Of course, it won’t be a serious landscape project without a large format camera. Specifically, the first two cameras I borrowed and used were a monorail camera and a field camera.
I knew I wanted to shoot with 5x4 film in order to capture the detail in the type of subjects that I would intend to photograph. I decided to borrow a large format monorail camera with a tripod to get used to this new kind of photography.
I realised I couldn’t just use the equipment without knowing how to work it first so I began to familiarise myself with the settings of the camera (believe me, practice beforehand helps). I started by making sure I knew how to work the tripod which was different from my own as it could take the weight of a monorail camera and had a specially designed head for the rail.
One of the biggest differences to me that a 5x4 camera has to any 35mm or 120 camera that I have used so far is that the aperture and shutter speed settings are located on the lens. This took some time for me to get used to, but I didn’t find it as difficult as trying to alter perspective in the camera. The image below shows the lens for the 5x4 camera. Notice that at the top of the lens is the switch to release the shutter, on the side of the lens next to the apperture pointer is the lever to cock the shutter and at the bottom is the switch to preview compositions before exposure.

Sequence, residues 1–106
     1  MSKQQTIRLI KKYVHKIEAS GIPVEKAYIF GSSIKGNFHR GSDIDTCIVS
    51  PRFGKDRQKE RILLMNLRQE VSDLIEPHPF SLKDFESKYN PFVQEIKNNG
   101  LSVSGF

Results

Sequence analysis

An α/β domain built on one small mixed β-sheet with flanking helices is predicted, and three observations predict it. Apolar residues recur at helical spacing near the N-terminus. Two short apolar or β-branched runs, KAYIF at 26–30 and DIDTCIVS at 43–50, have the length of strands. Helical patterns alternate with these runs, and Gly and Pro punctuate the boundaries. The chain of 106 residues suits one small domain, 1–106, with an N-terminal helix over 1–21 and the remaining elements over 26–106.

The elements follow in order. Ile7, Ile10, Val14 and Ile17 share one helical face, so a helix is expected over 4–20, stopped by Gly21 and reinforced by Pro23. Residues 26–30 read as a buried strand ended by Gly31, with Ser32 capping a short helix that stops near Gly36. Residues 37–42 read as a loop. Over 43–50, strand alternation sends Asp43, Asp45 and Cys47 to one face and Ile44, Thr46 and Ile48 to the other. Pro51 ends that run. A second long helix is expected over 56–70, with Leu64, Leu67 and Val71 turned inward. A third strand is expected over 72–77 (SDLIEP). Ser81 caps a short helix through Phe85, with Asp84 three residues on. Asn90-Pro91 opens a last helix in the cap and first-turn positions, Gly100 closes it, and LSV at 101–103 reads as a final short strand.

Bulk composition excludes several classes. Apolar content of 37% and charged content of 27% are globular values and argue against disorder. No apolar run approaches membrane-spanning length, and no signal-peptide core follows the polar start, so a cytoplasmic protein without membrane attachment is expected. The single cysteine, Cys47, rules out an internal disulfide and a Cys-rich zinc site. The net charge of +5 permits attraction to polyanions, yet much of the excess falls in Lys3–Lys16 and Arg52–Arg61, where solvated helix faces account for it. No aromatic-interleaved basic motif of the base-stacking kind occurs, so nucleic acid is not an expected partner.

In the images above we see the aperture in the lens closed and open. This can either be done through the lens preview switch or releasing the shutter (using the shutter to open the aperture should only be done when exposing film). To avoid making any fatal mistakes, I have had to constantly remind myself not to leave the aperture open just before making an exposure.
As the picture below indicates, all dials must be set to 0 before using the camera. This is so that the settings can be gradually changed if need be to improve the image for things like correcting converging verticals. The image below shows the dial used to adjust the vertical angle of what could be the front or back of the camera (as I recall, there are dials on both the front and back of the camera).
The settings in the above photograph are also set to 0. The numbers below the lower red dot indicate the different angles for horizontally shifting the camera back while the higher red dot is where the camera back can swing from left to right.
The ground glass at the back of the camera is where the image is composed. For those more used to a digital SLR, think of it as a big viewfinder, except back to front and upside down. What I liked about the ground glass on this particular camera is that it had a grid that helped to divide an image into thirds which was useful for me and helped with the composition of my pictures. What would happen is that the film holder would sit in front of the ground glass when film was being exposed. The camera back in this picture was in vertical mode for portrait photographs so I needed to turn the glass on its side for landscapes. On top of the camera back was also a spirit level which was obviously used to tell the photographer whether the camera, and thus the image, was straight or not.